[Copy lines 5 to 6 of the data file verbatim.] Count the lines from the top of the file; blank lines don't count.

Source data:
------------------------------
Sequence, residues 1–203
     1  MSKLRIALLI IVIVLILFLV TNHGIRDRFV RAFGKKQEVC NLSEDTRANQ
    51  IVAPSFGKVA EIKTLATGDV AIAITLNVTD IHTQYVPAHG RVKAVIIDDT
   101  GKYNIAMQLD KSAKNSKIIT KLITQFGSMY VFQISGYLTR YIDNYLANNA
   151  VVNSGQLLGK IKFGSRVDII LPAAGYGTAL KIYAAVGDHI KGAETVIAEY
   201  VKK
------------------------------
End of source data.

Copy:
   151  VVNSGQLLGK IKFGSRVDII LPAAGYGTAL KIYAAVGDHI KGAETVIAEY
   201  VKK